October 21, 2015
The Transactional Records Access Clearinghouse (TRAC) at Syracuse University reports that the U.S. Department of Justice filed fewer criminal charges against corporations in 2014 than in 2004. Key figures in the Department of Justice have focused on corporate crime as a threat to the American people, but TRAC found that corporate prosecutions declined 29 percent between 2004 and 2014.
It is important to note that TRAC was unable to formulate a reliable measure for whether white collar crime has gone up or down throughout the same period, so it is unclear the extent to which this decrease in prosecutions corresponds to decreased white collar criminality. However, TRAC was able to measure the number of referrals of corporations to United States Attorneys during this time period. Referrals actually increased 2.6 percent, so the gap between referrals and prosecutions widened. What does this suggest about the criminal justice system? Is it that the government is failing to prosecute corporations, or are they merely pursuing different methods? Are corporate prosecutions costly and time-intensive operations that tax government resources that may be better spent elsewhere? Or does it have something more to do with the serious repercussions that attend a company’s death?
After a series of scandals, Arthur Andersen, once one of the “Big 5”—now “Big 4”—accounting firms, became embroiled in the DOJ’s Enron investigation and faced an obstruction of justice charge after it allegedly destroyed evidence of its involvement in Enron’s accounting schemes. The resulting investigation, including an indictment handed down at the height of the audit season, gutted the firm. It could not retain clients and was banned from bidding on federal contracts. Ultimately, the firm’s collapse took with it the jobs and careers of not just the malfeasors but other employees. The conviction of Arthur Andersen was reversed on appeal. In the wake of this investigation, the DOJ created a new policy urging prosecutors to take into account what happens when a corporation is convicted of a crime. Not only do the offenders lose, but there are tremendous consequences to employees, investors, and customers, who may have been completely unaware of, or unable to stop, any criminal activities. The drop in prosecutions is much more substantial after this policy than before.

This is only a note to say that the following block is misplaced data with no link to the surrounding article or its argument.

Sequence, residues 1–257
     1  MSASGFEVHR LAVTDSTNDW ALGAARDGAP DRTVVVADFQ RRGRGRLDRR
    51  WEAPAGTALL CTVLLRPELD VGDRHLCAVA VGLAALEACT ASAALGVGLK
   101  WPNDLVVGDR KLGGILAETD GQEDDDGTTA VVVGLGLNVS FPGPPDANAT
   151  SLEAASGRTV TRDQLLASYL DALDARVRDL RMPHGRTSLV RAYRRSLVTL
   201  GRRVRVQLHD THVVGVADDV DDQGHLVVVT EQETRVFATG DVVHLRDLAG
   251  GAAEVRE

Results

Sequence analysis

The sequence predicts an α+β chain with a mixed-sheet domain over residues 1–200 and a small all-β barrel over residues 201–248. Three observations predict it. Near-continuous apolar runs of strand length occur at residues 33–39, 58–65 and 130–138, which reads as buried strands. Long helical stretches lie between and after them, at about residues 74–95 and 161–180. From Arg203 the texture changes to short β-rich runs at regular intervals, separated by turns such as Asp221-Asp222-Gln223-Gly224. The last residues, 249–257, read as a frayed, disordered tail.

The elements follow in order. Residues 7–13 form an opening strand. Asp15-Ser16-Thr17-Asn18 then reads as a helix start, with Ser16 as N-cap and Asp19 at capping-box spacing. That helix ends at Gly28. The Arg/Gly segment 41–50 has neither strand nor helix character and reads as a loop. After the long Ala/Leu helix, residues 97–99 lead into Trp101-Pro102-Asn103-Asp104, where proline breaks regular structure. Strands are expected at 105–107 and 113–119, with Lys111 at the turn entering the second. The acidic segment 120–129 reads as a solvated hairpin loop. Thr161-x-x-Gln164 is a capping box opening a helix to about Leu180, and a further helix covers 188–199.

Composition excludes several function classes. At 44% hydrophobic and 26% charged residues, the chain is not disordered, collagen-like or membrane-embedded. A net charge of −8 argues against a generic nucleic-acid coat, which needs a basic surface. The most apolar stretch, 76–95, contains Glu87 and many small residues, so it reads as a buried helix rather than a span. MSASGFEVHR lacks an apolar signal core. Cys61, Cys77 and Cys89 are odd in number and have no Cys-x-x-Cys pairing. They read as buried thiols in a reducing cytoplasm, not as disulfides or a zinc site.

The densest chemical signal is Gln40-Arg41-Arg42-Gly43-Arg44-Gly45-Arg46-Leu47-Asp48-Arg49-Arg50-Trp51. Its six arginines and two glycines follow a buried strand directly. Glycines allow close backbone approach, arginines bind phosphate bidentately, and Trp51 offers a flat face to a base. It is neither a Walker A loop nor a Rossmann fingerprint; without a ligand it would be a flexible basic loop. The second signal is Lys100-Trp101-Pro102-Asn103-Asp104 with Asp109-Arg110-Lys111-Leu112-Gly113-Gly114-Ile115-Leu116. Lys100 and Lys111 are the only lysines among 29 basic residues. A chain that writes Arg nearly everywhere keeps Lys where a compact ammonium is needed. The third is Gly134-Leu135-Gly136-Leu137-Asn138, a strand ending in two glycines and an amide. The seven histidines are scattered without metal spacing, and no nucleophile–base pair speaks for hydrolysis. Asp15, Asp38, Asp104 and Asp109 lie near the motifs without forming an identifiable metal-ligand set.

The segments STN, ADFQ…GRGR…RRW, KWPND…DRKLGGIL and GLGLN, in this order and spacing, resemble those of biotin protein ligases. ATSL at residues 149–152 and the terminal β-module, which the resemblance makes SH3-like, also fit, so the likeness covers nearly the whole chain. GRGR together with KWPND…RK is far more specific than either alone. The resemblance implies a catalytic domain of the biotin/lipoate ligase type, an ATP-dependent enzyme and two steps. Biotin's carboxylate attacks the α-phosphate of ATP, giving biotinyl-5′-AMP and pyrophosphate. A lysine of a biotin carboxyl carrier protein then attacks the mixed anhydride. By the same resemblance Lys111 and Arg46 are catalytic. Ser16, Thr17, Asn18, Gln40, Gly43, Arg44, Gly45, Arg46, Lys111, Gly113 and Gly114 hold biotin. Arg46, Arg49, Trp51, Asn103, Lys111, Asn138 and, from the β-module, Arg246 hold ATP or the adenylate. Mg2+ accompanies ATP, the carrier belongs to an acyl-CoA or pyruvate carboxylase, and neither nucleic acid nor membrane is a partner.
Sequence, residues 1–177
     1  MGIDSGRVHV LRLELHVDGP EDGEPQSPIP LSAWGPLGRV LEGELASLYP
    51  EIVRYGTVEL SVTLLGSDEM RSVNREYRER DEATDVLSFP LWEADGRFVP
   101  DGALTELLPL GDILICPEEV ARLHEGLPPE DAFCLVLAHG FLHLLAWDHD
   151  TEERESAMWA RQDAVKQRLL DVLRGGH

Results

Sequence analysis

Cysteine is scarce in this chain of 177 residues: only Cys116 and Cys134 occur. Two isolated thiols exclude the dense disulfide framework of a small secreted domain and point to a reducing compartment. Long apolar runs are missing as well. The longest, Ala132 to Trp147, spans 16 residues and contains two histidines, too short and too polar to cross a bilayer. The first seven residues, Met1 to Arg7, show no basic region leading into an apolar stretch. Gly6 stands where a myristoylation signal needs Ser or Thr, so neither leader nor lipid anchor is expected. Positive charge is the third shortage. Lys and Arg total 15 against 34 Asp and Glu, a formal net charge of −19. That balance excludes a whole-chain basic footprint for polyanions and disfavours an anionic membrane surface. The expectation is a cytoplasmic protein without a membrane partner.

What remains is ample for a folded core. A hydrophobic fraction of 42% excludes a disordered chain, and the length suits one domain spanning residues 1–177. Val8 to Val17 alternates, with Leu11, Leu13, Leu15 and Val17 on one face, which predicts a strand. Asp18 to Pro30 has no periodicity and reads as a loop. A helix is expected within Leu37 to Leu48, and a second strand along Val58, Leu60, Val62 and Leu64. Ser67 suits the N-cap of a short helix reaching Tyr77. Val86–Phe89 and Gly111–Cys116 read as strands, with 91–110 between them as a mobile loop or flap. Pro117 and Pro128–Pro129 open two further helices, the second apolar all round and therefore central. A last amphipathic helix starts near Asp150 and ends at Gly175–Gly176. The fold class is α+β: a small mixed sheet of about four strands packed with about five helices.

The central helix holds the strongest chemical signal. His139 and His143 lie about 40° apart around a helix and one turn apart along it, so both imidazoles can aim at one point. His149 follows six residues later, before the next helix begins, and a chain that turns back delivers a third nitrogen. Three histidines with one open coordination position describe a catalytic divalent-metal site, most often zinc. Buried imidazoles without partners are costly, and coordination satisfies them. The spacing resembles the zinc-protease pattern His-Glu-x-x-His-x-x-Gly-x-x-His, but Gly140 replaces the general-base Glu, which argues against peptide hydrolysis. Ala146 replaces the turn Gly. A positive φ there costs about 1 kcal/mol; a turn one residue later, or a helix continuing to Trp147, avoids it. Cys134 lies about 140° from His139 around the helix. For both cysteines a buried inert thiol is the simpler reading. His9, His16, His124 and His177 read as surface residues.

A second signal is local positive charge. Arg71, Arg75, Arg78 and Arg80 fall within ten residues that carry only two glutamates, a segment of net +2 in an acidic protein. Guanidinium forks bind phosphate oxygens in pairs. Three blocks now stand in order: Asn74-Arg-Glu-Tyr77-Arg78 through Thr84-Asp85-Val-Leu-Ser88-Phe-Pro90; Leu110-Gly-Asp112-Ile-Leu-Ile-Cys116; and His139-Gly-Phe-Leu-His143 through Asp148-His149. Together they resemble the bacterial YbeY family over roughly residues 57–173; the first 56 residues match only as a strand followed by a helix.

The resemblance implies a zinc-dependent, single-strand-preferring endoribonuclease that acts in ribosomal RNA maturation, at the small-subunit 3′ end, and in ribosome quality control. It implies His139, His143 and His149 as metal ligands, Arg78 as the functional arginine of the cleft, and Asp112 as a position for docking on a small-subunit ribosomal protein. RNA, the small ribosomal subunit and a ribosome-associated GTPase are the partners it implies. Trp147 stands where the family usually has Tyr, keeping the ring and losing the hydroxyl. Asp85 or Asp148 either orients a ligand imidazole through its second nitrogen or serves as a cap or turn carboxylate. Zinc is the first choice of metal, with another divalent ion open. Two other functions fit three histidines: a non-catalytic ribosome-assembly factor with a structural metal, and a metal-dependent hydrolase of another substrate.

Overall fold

In this light, one might expect that government prosecutions of individuals for white collar crimes would increase during this time period. In fact, according to TRAC, this also dropped by more than a third over the same time frame. Indeed, as Senior U.S. District Judge for the Southern District of New York Jed Rakoff observes, no high-level executives have been prosecuted in connection with the 2008 financial crisis.
Judge Rakoff posits several reasons for this. First, both the SEC and the FBI were beleaguered during this time period—the SEC with demands to uncover Ponzi schemes, and the FBI with transnational terrorism investigations. Meanwhile, the DOJ spread financial fraud investigations to US Attorney’s Offices that had previously never investigated sophisticated financial frauds. Judge Rakoff also suggests that, as the government may have created conditions leading to the crisis in the first place, they were reluctant to put CEOs on the stand. Ultimately, however, Judge Rakoff suggests that these prosecutions did not occur because of the increasing number of corporate prosecutions—the same ones which TRAC reported have decreased, not increased. If the shift has not been to corporate prosecutions, it is possible the government is pursuing fewer prosecutions altogether.
Ultimately, many of these cases now result in deferred prosecutions and monetary penalties—essentially agreements between the government and the defendants to settle the matter, typically with additional internal safeguards—rather than hauling executives to jail, something for which TRAC does not necessarily account. It is possible that the DOJ is entering a new era of corporate regulation, with deferred prosecutions as its primary lever. Or, as Judge Rakoff states, citing University of Virginia law professor Brandon L. Garrett, it could be that “as a result of the shift from prosecuting high-level individuals to entering into ‘cosmetic’ prosecution agreements with their companies, the punishment and deterrence of corporate crime has, for all the government’s rhetoric, effectively been reduced.”
James Kelly, The Power of an Indictment and the Demise of Arthur Andersen, 48 S. Tex. L. Rev. 509 (2006).